Aug 2, 2010
Editor’s Letter

By Matt Milkovich

Managing Editor

I detected more than a hint of sarcasm in the title: “Take Our Jobs.”

On June 24, Arturo Rodriguez, president of United Farm Workers, and two other speakers announced the launch of UFW’s “Take Our Jobs” campaign, a challenge to U.S. politicians and citizens to replace immigrant laborers in America’s farm fields.

I sat in on the teleconference that announced the campaign. Ostensibly, UFW seeks to encourage and train unemployed U.S. citizens to fill needed farm jobs (the speakers also pushed the AgJOBS bill). On the campaign’s website,, there’s an application form for those seeking work.
But here’s the unspoken subtext: American workers aren’t going to sign up – at least, not many of them.

Your average U.S. worker these days hasn’t shown much interest in farm work. Plenty of them are unemployed right now, but they haven’t exactly been beating down farmers’ doors, begging for jobs – even though jobs are available.

I don’t blame them. Farm work is tough, especially picking fruit or vegetables for hours a day. It’s hot, dirty, monotonous and sometimes dangerous. It’s hard physical labor under the sun’s glare – for not a lot of money. I did a day of farm work a few years ago, and decided sitting on my rear end all day in an air-conditioned office wasn’t such a bad thing.

Fortunately for me and other American workers, however, there’s a large group of people out there who not only are willing to do the kind of work we don’t want to do, they’re quite good at it. Unfortunately, most of them are here illegally.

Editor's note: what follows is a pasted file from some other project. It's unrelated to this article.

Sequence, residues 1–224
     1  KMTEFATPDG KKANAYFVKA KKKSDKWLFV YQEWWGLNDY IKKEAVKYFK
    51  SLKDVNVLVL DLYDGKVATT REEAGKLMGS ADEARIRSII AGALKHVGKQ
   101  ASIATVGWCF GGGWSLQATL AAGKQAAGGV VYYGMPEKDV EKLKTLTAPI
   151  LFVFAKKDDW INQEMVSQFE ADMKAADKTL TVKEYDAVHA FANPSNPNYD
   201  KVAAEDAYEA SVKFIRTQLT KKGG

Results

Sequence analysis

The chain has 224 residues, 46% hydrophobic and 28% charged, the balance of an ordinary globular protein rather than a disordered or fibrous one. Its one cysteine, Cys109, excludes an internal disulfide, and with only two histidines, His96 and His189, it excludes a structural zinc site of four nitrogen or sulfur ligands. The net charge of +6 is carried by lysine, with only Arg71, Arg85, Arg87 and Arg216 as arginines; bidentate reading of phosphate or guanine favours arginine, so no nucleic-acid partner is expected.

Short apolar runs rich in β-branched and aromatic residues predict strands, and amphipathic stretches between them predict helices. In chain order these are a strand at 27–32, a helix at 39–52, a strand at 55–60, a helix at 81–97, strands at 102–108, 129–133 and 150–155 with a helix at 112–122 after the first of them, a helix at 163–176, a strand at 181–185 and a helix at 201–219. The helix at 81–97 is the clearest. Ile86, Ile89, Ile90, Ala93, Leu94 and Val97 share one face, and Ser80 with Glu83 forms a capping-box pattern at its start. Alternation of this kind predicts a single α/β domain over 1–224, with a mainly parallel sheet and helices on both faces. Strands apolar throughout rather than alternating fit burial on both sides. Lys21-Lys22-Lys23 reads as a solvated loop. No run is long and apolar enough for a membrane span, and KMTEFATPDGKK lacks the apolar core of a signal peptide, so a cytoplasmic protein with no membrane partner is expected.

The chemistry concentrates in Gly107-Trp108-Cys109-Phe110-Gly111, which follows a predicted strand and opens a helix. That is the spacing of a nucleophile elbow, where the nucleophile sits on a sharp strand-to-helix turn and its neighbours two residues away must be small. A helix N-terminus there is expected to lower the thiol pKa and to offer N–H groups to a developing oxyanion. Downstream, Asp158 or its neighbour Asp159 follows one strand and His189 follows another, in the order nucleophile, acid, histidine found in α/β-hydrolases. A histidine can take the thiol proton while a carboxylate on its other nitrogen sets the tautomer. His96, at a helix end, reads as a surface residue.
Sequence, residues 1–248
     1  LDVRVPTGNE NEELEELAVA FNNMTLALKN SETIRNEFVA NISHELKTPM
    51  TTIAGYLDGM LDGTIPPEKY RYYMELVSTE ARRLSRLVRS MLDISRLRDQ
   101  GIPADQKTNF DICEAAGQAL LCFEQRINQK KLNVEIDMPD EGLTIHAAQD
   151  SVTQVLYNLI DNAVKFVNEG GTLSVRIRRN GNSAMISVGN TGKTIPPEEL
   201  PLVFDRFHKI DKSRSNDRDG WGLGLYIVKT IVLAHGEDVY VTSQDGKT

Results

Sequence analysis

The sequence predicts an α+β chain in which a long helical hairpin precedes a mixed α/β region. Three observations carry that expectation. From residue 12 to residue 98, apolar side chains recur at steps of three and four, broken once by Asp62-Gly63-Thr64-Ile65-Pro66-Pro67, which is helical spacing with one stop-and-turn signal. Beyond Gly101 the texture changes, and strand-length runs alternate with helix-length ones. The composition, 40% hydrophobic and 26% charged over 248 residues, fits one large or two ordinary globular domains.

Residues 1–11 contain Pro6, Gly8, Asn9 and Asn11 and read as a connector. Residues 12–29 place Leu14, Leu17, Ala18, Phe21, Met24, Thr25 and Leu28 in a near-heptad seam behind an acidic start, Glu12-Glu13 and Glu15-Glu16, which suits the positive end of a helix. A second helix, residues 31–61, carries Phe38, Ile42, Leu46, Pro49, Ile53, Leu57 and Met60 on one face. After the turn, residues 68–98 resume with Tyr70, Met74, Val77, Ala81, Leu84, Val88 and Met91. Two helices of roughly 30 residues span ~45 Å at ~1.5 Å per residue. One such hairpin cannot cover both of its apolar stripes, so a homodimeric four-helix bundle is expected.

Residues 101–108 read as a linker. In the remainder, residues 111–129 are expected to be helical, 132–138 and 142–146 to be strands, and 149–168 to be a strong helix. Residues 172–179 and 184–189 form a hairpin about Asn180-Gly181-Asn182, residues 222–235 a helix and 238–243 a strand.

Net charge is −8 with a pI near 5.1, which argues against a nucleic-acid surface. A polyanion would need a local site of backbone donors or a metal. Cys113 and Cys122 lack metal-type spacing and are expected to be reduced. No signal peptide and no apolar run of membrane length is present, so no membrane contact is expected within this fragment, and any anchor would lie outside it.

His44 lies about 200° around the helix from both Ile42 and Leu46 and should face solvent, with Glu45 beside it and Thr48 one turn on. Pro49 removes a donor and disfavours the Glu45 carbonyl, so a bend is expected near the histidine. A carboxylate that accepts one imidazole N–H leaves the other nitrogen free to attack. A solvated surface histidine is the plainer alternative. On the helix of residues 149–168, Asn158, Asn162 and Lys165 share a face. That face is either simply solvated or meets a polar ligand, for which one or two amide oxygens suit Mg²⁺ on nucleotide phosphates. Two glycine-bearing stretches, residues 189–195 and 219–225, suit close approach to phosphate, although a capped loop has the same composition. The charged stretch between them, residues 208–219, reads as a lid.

“Our current labor force is comprised of professional farm workers who possess essential skills needed to maintain the viability of the agricultural industry,” Rodriguez said. “But our nation’s struggling economy has fueled an increasingly ugly debate on immigration policy and many Americans believe that undocumented farm workers are taking jobs from our citizens and legal residents.”

Rodriguez wants Americans, especially anti-immigrant politicians, to understand that immigrant farm workers aren’t the problem. They’re more valuable than we realize.

“If we deported all undocumented farm workers, it would mean the collapse of the agricultural industry as we know it today.”

Rob Williams, director of the Migrant Farmworker Justice Project, gave some statistics: More than 2 million people are employed in U.S. agriculture, about a third of them in California. Many of them pick fruit and vegetables. About three-quarters were born outside the United States. At least half are here illegally – but the produce they pick, sort and pack still ends up in the stomachs of American citizens.

“It’s simply the reality,” he said. “We need these workers. There is no replacement work force.”

Immigrant farm workers have a huge economic impact in Kern County, Calif., one of the nation’s largest agricultural counties and a major supplier of its grapes and carrots, according to Michael Rubio, the county supervisor.

“Kern County’s economy is based on agriculture,” he said. “Deporting all immigrants would collapse the economy here.”

The speakers were very curious about what might happen in Arizona this fall, now that the state government has passed a law that will make life harder for illegal immigrants there. Farms in the Yuma area are a major supplier of the nation’s winter vegetables, and if there’s a mass exodus of farm workers from that state, well … we’ll see what happens.

Colbert weighs in

Rodriguez gave an update on the campaign’s progress on the July 8 episode of “The Colbert Report.” By that point, “Take Our Jobs” had found farm work for three American citizens.

“Make that four,” Stephen Colbert said. “I’ll do it.”

I look forward to watching that.

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